Ideas for events management – unforgettable promotional giveaways
We’ve all been to trade shows whether as a visitor or as an exhibitor, and we’ve all had the same experience. The second you’ve stepped foot through the door a goody bag is being shoved in your hand and as you make your way round each stand that goody bag just grows and grows. This is because it is well documented that it is no good running a stand at an exhibition or organizing a corporate event without giving the attendees something to remember you by. The only thing is, as we’ve just pointed out, everyone does it. Not only that, but all of the attendees walk out with plastic carrier bags full of freebies and realistically they don’t care what’s printed on it just as long as it was free!
So what good is that? Promotional giveaways are supposed to promote your company – not just fill someone’s desk drawers! Mouse mats, coasters, pens – when the exhibition attendees get back to base they can’t even give the stuff away as everyone else is already overburdened with the same stuff – all of it free as giveaways from other trade shows.
When it comes to your turn to promoting your stand and your company, you firstly need to master the knack to be able to spot the wheat from the chaff. Once you are able to sort out serious prospects from time-wasters and freebie-collectors that’s the time to invite your visitor to accept your handout. If your own product is a fun thing and your guests have a sense of humour then there is no better handout than a pop up product – particularly one with a big impact, a big surprise and a big laugh.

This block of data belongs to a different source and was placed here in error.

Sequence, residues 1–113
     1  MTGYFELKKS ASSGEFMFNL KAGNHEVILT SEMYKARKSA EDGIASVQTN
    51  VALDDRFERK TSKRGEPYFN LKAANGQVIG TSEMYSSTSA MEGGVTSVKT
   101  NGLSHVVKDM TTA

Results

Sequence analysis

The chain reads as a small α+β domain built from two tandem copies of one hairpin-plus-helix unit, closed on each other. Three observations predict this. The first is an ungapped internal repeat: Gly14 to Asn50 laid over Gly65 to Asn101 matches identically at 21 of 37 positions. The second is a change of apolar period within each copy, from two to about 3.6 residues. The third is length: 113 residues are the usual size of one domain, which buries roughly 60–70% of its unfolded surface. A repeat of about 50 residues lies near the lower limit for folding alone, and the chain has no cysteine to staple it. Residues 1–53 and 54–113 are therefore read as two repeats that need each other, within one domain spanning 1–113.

One product which ticks all of these boxes, offers loads of room for promotional print and is not too hard on the marketing budget is the Whitney Woods Jumpinjax. The product is very simple – a small cardboard pack that has a sliding tray. Pull out the tray and 4 cardboard cubes jump out – but, boy, they don’t half make you jump! Hand one of these to your visitor whilst he’s on your stand and watch the fun unfold. A real ice-breaker if ever there was one and a surprise that the visitor is unlikely to forget. So much so that the visitor will want another one for his office to try it out on his colleagues. This is interactive marketing instead of handing out “invisible” freebies.